We need to clarify the idea of "too big to fail". Our commitment is to our people, not to our companies.


  1. Will your workers get Toyota or GM scale wages?

  2. Yeah, my dad pointed this out as well. Apparently Toyota's benefits aren't nearly as good as the Big Three's. The claim is that Detroit bears an extra $3000 cost per car for benefits.

    My dad argued that the added costs of GM, Ford, and Chrysler are as much a reason for consumers not choosing them as poor design. Although I don't know the details, I find this surprising: I thought German manufacturers were supposed to work with very strong unions as well, and so their workers should see benefits as good as those in America.

    The other thing that my dad claims is that Toyota doesn't make money on economy cars. Once again, we should compare to Europe. Most cars sold in Europe would be considered economy cars in the U.S. Is the European market largely profitless?

    But I'll try to answer your question. If GM, paying GM scale wages, is losing money, do I have an obligation or an incentive to support the people who work for GM at those wages? I don't think so, because we can't apply the same logic to everyone. There is no way I can accept the idea that people who work for companies that are too big to fail should get wealth transferred to them because of where they work.

    My earlier point is that I definitely have an incentive to help transition people from one job to another in a way that reduces unemployment spikes and unnecessary supplier bankruptcies. If the jobs these people can transition to do not make as much money, and that's because cars are a global commodity and they are competing with workers in Korea... well actually there are things I'm willing to do about that, but they are limited.

    The usual argument is that global trade allows foreign companies to manufacture with less regulatory burden than domestic companies. To the extent that the regulations being skirted affect the global (and thus domestic) environment, I am a supporter of tariffs or other reasonable attempts to prevent regulatory arbitrage. So, for instance, I'd be in favor of a tax on imported cars that covers the added domestic cost of using low-sulfur coal. Once the U.S. gets its own act together on reducing CO2 production from powerplants, I'd be in favor of import taxes on items manufactured with higher-carbon energy.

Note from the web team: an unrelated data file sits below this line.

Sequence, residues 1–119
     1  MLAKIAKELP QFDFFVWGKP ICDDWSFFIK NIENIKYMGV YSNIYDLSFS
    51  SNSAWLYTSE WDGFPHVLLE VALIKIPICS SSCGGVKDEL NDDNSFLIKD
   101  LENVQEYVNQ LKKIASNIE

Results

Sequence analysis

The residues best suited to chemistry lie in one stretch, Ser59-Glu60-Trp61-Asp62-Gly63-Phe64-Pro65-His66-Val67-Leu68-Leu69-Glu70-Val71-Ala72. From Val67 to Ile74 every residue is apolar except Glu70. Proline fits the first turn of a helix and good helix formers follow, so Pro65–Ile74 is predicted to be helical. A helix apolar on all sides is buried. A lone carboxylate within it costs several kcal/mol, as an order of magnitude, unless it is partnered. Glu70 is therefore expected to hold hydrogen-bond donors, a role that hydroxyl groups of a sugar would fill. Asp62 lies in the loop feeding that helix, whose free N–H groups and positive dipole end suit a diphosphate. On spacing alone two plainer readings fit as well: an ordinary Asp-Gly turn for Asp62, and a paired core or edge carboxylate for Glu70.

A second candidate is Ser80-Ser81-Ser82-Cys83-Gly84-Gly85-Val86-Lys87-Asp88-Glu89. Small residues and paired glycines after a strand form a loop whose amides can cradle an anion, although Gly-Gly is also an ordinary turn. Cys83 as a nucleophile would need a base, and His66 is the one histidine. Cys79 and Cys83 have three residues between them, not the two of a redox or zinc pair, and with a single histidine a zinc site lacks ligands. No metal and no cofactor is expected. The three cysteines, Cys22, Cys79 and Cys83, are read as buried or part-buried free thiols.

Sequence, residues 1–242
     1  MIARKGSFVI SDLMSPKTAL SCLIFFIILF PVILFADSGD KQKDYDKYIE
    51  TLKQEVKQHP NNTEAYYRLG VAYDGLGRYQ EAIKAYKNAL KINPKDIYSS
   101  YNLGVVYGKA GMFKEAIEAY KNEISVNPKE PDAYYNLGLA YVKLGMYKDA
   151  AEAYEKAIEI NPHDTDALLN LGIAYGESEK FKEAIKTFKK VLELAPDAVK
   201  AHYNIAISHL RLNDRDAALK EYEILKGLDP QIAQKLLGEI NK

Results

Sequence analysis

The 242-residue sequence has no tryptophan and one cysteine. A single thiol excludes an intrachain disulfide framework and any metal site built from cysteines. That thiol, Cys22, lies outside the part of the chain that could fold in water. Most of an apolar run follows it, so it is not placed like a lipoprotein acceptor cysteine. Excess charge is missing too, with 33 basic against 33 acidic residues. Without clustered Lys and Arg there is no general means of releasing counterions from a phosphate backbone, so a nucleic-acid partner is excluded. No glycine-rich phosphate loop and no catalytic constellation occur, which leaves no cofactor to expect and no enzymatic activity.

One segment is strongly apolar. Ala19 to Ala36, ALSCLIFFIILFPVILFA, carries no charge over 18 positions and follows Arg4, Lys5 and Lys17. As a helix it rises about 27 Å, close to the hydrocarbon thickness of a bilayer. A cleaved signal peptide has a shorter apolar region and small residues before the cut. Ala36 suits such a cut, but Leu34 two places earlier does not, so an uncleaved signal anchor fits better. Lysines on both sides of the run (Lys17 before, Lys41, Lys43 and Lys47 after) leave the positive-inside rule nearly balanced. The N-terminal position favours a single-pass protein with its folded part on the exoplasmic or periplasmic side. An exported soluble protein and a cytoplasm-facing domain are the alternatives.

But to the extent that the regulations affect only local conditions, I'm perplexed. Is it really our business to place a tax on imported goods that allows American workers to get paid more to do the same thing as their foreign counterparts? That tax pretty much ensures that nothing covered by that tax will be exported. This doesn't seem like productive policy.

    I'm more interested in policies which increase domestic productivity. That's why I like the idea of subsidizing non-carbon domestic energy sources (wind, nuclear). I'm very interested in anything which can reduce the cost of moving goods, people, and information around the U.S. Unfortunately, I'm not at all sure that investments in U.S. infrastructure can get our cost of goods down below those in foreign countries.